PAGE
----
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Employers mandate COVID-19 vaccines

A coronavirus vaccination site in New York City Associated Press/Photo by Mary Althaffer

Employers mandate COVID-19 vaccines

New York City Mayor Bill de Blasio announced on Monday that all 340,000 municipal employees, including teachers, must be fully vaccinated by Sept. 13, the first day of school, or submit to weekly coronavirus testing. Teacher unions applauded the decision but said they might negotiate over how to cover testing requirements. California health officials issued a similar mandate for their 238,000 state employees, starting in August. The U.S. Department of Veterans Affairs joined the ranks on Monday afternoon, giving 115,000 employees in “patient-facing” jobs eight weeks to get vaccinated—with no alternative testing option. The VA is the first federal agency to enforce a vaccine mandate. St. Louis became the first city on Monday to reinstate mask requirements because of the spread of the coronavirus delta variant.

Are vaccine mandates legal? Workers and students have sued for the right not to get vaccinated but have not succeeded so far. Federal judges have upheld vaccine mandates established by a hospital system in Houston and Indiana University. Last month, the Equal Employment Opportunity Commission published guidance saying employers could require immunizations as a condition of employment if they provided reasonable accommodations for people with lawful objections such as disability or discrimination claims.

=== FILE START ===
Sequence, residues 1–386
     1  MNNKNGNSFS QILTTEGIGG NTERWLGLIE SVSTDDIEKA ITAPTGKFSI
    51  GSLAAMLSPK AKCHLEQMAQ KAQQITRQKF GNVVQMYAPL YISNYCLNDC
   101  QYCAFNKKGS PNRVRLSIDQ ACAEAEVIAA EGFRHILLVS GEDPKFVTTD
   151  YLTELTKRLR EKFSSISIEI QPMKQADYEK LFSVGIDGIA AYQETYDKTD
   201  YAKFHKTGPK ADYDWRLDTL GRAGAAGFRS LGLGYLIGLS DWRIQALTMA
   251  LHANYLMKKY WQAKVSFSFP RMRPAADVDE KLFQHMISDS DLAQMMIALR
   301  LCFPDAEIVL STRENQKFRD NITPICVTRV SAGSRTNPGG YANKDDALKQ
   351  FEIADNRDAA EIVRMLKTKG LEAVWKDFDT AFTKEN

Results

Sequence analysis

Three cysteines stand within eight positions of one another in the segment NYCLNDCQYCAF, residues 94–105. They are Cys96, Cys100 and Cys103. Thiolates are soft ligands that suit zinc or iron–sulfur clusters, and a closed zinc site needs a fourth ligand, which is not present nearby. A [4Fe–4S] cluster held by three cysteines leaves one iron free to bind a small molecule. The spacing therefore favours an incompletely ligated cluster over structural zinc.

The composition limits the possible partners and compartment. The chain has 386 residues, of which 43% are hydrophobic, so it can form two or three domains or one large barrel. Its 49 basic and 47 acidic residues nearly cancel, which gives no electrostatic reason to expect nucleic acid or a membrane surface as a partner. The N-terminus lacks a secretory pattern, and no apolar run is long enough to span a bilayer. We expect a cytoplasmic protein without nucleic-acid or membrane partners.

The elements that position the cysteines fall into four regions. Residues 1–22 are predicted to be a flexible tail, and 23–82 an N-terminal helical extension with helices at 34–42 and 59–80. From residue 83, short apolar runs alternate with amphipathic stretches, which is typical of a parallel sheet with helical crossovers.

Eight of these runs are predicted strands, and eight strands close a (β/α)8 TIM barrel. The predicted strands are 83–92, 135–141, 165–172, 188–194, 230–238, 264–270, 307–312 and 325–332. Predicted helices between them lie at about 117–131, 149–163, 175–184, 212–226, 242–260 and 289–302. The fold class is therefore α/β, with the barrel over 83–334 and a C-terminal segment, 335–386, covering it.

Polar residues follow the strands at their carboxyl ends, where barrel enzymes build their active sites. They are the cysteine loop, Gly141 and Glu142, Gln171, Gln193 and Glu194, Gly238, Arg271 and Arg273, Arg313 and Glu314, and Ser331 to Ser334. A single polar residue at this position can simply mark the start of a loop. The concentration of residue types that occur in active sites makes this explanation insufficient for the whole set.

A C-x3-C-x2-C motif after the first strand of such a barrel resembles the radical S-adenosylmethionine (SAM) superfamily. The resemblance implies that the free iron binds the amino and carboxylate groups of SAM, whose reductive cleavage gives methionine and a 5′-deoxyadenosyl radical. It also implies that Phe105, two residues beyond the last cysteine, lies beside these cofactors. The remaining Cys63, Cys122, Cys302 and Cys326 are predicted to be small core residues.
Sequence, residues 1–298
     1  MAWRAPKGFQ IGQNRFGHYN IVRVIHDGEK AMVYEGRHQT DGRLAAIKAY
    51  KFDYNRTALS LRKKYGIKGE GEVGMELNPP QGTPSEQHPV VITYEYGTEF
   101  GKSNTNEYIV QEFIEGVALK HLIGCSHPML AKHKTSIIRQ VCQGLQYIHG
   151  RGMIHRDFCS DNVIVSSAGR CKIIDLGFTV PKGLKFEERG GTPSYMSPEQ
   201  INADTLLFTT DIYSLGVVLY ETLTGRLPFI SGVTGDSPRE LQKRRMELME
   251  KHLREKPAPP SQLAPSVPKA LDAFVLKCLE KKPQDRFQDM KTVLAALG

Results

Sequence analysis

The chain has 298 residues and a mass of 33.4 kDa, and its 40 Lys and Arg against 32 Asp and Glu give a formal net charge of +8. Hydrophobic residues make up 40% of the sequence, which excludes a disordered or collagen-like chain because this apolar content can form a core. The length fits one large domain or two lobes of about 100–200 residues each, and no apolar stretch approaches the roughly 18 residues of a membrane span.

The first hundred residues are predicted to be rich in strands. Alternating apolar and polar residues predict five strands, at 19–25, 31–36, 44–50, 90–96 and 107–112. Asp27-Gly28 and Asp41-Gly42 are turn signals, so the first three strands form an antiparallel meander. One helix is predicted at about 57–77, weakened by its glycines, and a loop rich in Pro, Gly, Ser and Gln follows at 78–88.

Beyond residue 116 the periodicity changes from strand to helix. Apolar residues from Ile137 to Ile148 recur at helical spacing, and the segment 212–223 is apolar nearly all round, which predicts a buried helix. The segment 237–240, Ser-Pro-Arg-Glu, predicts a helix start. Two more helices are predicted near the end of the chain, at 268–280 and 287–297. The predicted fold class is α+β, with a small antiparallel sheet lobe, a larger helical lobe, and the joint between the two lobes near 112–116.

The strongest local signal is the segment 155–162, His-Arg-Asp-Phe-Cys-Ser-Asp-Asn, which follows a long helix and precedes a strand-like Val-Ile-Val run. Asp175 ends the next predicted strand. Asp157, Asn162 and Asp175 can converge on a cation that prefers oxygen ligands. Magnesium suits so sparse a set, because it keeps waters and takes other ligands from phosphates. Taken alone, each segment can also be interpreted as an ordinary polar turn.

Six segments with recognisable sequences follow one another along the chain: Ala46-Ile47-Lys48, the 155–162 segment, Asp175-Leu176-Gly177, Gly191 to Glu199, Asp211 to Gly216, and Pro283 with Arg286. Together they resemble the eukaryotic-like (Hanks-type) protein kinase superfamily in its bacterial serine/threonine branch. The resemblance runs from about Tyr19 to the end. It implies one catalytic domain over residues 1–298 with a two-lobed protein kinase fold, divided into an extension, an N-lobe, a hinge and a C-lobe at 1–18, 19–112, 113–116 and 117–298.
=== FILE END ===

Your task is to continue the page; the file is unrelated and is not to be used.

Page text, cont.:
Dig deeper: Listen to Mary Reichard discuss the legality of vaccine mandates further on The World and Everything in It.

Carolina Lumetta

Carolina is a reporter for WORLD Digital. She is a World Journalism Institute and Wheaton College graduate. She resides in Harrisburg, Pa.



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I winced when I saw the photo of the shot.
I gave blood for a while and would not look when they jabbed me.
I had to quit when I began to feel ill after a donation.
I wonder how the blood donations are doing. And who has been able to give now because of COVID.

My Two CentsNEWS2ME

I am a blood donor. In fact, I just went in yesterday. I’m also type O- and have what is called baby’s blood, so mine can be given to new borns. They always call when 8 weeks have gone by and I’m eligible again, because they have a critical shortage, it seems. All the phlebotomists know me by name, for whatever that is worth. As long as you haven’t had symptoms or been around a known positive covid case, or are awaiting a covid test, you can donate if you are otherwise eligible. And, now you can check your donation records and see if you have covid antibodies. I am happy to be a donor, and I pray for whoever will receive my blood, while I’m sitting in the chair. I’m sorry you have felt bad after a donation. Sometimes I feel a bit light headed and have had trouble with my iron levels. Otherwise, I give 6-7 times a year. When I went in during the shut down, they had to let you in, took your temp, and the check in process was more regimented.

NEWS2MEMy Two Cents

I always had trouble with my iron levels. They turned me down more times.
Then I found a way to get my blood closer to an acceptable level.
My way was different than what they recommended. Funny but it worked most times.
I'm glad there are people like you who are still able to donate.

My Two CentsNEWS2ME

I started taking iron supplements, along with vitamin D and zinc. And for some reason, during the summer months my iron is lower. If I get turned down twice, I usually wait six months and try again. Thank you. I’m glad I can still donate, and will continue as long as I am able.